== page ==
Bears: 5 biggest takeaways from the Week 6 loss vs Vikings

Chicago Bears rookie backup QB Tyson Bagent gets ridden to the turf by the Minnesota Vikings on Sunday afternoon. (Todd Rosenberg/Getty Images)
Chicago Bears rookie backup QB Tyson Bagent gets ridden to the turf by the Minnesota Vikings on Sunday afternoon. (Todd Rosenberg/Getty Images) /
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As I finished watching the Chicago Bears put the finishing touches on a disastrous 19-13 loss at home to the Minnesota Vikings, I let what I just witnessed soak in and quickly realized the enormity of the series of events.

Future football historians will likely look back on October 15th, 2023, and regard it as a critical juncture in Chicago Bears history. It may very well end up being the most important day of Justin Fields’ Chicago Bears career.

With a record of 1-5 through six weeks of the 2023-24 NFL regular season, the Chicago Bears may not be officially eliminated from playoff contention but their eulogy is certainly being written.

Only 2% of teams who have started 1-5 in NFL history have made the NFL Playoffs and unfortunately, the 2023-24 Chicago Bears do not inspire confidence that they will beat those odds.

The Chicago Bears are in a bad spot after starting the year 1-5 through 6 weeks.

Despite likely missing the playoffs, this season can still be salvaged. With incremental improvement and key player development, the Chicago Bears can position themselves to potentially be true contenders by 2024-25.

These are the five biggest Chicago Bears takeaways from the devastating 19-13 Week 6 loss to the Minnesota Vikings at Soldier Field on Sunday afternoon:

1. Tyson Bagent came in and played for the Chicago Bears

While a lengthy Justin Fields’ injury would likely end up defining how history remembers this season’s Chicago Bears, the discourse surrounding Fields will likely pale in comparison to the debate and discussion in the coming days surrounding the debut of Chicago’s undrafted Division II underdog (and offseason sensation), rookie Tyson ‘Secret Agent’ Bagent.

I personally did not want Bagent to have to play this early. While Bagent impressed in the preseason, let’s be honest – it’s the preseason.

With questions surrounding this scheme and the injuries that have ravaged our roster, it did not seem prudent to throw Bagent to the wolves during his rookie year as a project quarterback.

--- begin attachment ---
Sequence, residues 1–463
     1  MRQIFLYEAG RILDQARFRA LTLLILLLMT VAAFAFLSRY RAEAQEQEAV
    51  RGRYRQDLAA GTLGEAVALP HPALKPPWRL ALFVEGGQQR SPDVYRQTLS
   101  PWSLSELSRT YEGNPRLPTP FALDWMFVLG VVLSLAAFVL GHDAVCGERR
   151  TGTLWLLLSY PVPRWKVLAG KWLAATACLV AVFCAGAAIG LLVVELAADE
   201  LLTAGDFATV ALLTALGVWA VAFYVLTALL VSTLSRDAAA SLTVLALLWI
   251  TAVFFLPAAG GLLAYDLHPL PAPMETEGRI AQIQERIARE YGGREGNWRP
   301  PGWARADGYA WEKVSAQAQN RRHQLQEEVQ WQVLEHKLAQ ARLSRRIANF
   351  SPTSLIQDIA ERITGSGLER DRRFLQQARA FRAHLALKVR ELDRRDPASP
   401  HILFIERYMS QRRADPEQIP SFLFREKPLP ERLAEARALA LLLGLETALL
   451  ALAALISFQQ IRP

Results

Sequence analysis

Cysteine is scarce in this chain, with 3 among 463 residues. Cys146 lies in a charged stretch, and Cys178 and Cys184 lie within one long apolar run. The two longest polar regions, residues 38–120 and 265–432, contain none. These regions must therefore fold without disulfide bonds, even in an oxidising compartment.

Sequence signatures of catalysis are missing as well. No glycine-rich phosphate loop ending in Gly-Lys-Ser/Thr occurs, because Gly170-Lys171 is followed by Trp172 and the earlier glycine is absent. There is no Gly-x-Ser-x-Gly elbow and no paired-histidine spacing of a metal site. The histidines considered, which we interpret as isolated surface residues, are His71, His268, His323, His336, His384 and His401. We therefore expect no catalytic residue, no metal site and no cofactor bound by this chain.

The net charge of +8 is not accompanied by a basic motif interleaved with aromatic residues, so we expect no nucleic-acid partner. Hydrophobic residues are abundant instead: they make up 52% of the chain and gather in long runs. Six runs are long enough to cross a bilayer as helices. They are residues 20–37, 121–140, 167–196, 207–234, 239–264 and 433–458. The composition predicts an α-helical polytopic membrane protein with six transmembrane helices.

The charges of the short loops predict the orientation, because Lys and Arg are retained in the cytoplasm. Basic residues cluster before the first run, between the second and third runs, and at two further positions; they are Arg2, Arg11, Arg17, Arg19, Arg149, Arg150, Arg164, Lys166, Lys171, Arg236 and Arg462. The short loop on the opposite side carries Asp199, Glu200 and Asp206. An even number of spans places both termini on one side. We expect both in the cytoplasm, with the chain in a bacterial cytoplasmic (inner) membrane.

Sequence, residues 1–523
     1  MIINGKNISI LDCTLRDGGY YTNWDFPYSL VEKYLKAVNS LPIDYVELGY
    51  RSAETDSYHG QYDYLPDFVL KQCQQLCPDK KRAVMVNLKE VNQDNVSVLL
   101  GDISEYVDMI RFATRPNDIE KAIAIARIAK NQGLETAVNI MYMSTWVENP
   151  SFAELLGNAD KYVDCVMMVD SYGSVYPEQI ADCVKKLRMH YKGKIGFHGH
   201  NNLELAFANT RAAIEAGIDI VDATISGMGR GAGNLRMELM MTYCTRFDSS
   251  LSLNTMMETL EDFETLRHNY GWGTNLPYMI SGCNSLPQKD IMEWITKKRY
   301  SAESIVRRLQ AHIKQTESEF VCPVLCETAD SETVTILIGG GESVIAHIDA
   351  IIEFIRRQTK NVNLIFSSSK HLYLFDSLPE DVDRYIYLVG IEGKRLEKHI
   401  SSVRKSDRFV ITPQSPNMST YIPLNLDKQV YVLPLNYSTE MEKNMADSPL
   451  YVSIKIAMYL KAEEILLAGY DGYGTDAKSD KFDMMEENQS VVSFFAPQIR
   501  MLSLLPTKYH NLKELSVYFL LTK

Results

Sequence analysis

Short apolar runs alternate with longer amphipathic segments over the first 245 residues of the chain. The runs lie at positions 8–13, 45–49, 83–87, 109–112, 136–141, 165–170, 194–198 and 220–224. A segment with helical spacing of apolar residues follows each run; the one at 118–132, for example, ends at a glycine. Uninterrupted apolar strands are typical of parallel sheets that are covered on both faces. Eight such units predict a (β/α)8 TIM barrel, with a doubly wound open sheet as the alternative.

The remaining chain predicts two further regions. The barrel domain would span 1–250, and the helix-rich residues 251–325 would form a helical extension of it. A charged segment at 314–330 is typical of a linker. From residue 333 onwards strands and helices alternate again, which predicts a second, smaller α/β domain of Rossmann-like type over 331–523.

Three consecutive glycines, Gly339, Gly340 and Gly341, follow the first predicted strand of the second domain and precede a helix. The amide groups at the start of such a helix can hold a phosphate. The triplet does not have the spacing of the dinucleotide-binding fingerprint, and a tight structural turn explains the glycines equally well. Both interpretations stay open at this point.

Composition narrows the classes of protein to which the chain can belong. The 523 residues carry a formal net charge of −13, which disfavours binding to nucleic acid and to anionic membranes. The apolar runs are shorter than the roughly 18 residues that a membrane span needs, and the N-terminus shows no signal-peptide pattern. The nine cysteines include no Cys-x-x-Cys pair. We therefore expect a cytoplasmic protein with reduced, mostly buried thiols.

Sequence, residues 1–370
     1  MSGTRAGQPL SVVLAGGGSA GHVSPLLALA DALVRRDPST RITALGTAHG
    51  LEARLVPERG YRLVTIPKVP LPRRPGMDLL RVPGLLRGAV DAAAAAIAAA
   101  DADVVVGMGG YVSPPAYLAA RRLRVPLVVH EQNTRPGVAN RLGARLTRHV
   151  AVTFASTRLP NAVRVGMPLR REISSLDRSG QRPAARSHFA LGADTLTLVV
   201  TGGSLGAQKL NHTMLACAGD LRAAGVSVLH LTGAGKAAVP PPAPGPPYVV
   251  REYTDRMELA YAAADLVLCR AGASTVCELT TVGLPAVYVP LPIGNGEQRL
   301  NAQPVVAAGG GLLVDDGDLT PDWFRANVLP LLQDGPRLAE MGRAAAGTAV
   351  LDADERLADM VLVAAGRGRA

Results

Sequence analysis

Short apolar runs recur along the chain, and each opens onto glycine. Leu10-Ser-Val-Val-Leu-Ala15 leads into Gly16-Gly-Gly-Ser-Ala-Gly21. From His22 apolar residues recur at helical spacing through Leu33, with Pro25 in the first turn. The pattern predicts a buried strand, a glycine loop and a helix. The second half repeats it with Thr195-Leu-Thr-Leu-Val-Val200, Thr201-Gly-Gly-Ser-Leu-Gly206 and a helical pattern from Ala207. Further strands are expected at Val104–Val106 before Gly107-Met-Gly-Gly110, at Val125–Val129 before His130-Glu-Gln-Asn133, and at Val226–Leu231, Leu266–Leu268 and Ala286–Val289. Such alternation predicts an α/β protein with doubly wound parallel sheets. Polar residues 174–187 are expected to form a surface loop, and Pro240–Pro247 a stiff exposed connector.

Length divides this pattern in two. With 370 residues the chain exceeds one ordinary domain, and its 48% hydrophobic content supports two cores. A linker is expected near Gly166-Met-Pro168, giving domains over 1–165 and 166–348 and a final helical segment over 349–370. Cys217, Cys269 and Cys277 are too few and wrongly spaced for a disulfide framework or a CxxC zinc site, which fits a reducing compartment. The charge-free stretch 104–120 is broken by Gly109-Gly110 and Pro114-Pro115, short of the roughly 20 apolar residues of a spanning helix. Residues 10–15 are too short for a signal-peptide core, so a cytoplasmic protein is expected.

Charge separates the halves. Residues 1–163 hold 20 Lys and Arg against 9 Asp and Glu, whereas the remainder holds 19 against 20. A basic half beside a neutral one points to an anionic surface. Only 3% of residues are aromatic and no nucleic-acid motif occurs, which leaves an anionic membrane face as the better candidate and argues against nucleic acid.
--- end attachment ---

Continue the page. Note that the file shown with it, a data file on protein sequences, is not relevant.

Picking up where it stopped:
I want to be firm in my stance. I did not, and still do not, believe that Tyson Bagent gives this Chicago Bears team a better chance to win football games than a healthy Justin Fields.

Many fans may debate that he could be the Windy City version of Brock Purdy but the problem with that is Chicago isn’t equipped with the most stacked roster in the league like San Francisco.

That was clear off the bat, as Bagent simply inherited the beating Fields was receiving upon his entry after the injury and was promptly welcomed to the NFL on his first drive after being strip-sacked for a fumble that resulted in a Minnesota Vikings touchdown.

Credit to Bagent though, who eventually began to make some positive plays and turn the tide. During his lone touchdown drive, he played with poise, showed mobility, and threw with accuracy and timing.

He marched the Bears down the field with confidence and was rewarded when his tush was pushed into the endzone for his first NFL touchdown.

His inexperience and smaller size returned to haunt him on the potential game-winning drive when a defensive lineman disrupted his throwing motion, causing an errant rainbow of a pass that was easily intercepted by the Vikings to seal the victory.

It wasn’t really Bagent’s fault, but it did offer an example of the smaller margin of error that he has, by no fault of his own, in comparison to the more physically gifted NFL franchise quarterbacks.

Despite his mistakes, I am confident that Tyson Bagent will grow from the experience he had today and I thought his play was promising. I’m relieved that they have someone with his moxie to stand in during Justin Fields’ absence. Of course, unless that absence is permanent.